This blog was first published on HSF Public Law Notes on 23 July 2021.

On 21 July, the Government introduced the Judicial Review and Courts Bill into Parliament. The Bill was foreshadowed in the Queen’s Speech on 11 May as part of the Government’s aim to ‘restore the balance of power between the executive, legislature and the courts’. The Government’s press release states that the Bill will ‘equip judges with the tools to give more tailored solutions in judicial review cases’. The Government has published a number of ‘fact sheets’ on aspects of the Bill, accessible here, as well as a detailed explanatory note.

As anticipated, the Bill includes provisions for quashing orders to be made subject to conditions, namely to not take effect until a date specified in the relevant order (i.e. suspension of the order) or removing or limiting any retrospective effect of the quashing of the impugned act. Judges will be “empowered” to use these powers at their discretion.

The Bill also provides for the removal of “Cart” judicial reviews(subject to some limited exceptions). Applications for judicial review against a decision of the Upper Tribunal (the “UTT“) to refuse permission to appeal against a decision of the First-Tier Tribunal (the “FTT“) on the basis that the FTT’s decision was affected by an error of law and therefore the UTT’s decision was also so affected are referred to as applications for a “Cart” judicial review. They derive their name from the decision of the Supreme Court in R (Cart) v The Upper Tribunal [2011] UKSC 28. Described as “inefficient” by the Government, the removal of “Cart” judicial reviews follows a recommendation made in the report by the Independent Review of Administrative Law (“IRAL“). The Bill does, however, provide for some limited circumstances in which a challenge can still be brought to a decision of the UTT on permission to appeal. These are set out in Clause 2(4) and include where the UTT has acted in bad faith or in fundamental breach of the principles of natural justice.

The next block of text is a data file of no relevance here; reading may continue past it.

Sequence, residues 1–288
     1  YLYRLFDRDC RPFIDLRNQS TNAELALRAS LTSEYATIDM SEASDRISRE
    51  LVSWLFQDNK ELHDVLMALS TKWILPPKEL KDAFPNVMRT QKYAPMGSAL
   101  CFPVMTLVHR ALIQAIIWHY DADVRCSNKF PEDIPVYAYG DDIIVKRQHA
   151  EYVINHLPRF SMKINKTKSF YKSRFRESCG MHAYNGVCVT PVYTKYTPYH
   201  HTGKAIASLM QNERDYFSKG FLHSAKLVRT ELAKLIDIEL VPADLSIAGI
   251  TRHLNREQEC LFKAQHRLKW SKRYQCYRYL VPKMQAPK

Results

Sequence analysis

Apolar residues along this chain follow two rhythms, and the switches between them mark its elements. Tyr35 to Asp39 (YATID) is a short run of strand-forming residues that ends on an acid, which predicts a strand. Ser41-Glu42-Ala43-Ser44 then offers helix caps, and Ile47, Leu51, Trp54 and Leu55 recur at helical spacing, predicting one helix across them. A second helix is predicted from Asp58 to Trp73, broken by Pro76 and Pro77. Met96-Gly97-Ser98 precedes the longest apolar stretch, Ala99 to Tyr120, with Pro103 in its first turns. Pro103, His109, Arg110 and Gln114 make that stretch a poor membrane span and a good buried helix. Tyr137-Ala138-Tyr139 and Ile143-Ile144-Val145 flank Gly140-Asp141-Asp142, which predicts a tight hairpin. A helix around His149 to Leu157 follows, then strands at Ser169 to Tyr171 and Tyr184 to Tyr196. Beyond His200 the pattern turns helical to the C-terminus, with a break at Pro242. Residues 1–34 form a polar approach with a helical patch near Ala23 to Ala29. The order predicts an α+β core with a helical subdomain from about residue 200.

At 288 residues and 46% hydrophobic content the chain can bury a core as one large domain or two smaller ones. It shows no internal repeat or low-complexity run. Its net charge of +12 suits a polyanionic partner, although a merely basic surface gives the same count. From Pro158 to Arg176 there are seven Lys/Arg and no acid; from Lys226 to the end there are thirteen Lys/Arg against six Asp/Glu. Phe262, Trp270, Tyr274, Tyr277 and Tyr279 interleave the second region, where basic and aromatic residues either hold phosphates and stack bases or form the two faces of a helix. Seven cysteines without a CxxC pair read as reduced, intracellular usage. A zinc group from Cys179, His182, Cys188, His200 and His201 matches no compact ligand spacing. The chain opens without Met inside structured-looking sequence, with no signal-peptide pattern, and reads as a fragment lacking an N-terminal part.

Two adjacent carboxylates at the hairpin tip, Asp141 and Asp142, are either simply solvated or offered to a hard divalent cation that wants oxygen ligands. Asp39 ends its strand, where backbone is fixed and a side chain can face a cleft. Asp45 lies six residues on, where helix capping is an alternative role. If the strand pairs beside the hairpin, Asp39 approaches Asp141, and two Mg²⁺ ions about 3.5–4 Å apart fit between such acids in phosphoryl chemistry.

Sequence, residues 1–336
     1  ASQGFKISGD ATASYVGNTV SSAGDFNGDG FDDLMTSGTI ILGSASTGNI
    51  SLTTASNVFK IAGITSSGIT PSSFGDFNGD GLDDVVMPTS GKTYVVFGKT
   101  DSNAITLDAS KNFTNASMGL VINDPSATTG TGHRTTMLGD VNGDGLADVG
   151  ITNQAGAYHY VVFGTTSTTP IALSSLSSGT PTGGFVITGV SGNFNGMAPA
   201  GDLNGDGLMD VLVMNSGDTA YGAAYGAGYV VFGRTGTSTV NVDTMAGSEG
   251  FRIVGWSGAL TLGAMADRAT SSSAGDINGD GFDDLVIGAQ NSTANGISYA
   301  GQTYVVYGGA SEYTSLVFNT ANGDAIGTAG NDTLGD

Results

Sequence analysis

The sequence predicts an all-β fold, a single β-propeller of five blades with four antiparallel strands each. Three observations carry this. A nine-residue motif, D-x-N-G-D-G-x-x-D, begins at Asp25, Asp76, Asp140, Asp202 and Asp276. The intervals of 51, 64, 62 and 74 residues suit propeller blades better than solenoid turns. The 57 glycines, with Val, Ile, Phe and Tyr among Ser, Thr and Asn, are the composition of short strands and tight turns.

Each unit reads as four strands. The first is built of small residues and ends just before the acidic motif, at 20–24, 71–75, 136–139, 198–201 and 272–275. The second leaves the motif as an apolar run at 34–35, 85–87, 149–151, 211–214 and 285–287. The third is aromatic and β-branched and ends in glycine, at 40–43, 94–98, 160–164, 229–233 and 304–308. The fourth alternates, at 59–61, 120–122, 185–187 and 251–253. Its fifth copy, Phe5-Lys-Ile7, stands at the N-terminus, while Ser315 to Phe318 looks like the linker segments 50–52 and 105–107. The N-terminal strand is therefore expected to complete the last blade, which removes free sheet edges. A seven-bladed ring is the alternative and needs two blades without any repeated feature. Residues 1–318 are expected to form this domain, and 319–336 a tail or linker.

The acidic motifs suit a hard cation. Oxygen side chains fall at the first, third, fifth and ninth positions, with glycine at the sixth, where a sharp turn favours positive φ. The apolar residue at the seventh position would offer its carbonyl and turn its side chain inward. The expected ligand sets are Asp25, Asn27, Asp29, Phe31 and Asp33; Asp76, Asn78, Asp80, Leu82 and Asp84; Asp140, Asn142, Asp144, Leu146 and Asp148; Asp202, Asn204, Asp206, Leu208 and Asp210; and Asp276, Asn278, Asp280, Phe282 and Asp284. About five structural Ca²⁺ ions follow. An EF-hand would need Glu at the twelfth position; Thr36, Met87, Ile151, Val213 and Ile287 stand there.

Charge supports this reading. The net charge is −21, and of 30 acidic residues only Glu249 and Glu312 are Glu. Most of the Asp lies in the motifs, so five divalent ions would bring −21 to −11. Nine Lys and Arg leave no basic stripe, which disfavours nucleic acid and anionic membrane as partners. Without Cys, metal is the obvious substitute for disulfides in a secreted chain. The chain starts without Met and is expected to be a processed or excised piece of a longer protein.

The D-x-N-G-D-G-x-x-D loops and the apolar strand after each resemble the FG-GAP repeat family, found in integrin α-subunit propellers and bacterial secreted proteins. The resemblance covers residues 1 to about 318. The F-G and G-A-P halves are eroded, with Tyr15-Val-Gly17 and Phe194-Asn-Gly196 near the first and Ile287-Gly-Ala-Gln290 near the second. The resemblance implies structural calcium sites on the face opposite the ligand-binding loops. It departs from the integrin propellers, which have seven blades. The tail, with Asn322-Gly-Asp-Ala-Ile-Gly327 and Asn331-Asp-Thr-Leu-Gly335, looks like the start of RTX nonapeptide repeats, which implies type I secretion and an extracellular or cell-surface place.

The Bill does not provide for clarification on the effect of statutory ouster clauses more generally or on the principles which lead to a decision being a nullity by operation of law. These were topics on which the Government recently consulted (along with the removal of “Cart” judicial reviews and modifications to quashing orders). The Bill’s explanatory note makes clear that the Government has “decided not to proceed with” these proposals following consideration of the IRAL report and responses to the consultation.

The Bill is awaiting a second reading on a date to be announced. With the House of Commons now in recess, this will not take place before Parliament resumes in early September.

Our previous blog posts on this topic can be found here:

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Andrew Lidbetter
Andrew Lidbetter
Partner, Administrative and public law, London
+44 20 7466 2066
Nusrat Zar
Nusrat Zar
Partner, Administrative and public law, London
+44 20 7466 2465
Jasveer Randhawa
Jasveer Randhawa
Of Counsel, Administrative and public law, London
+44 20 7466 2998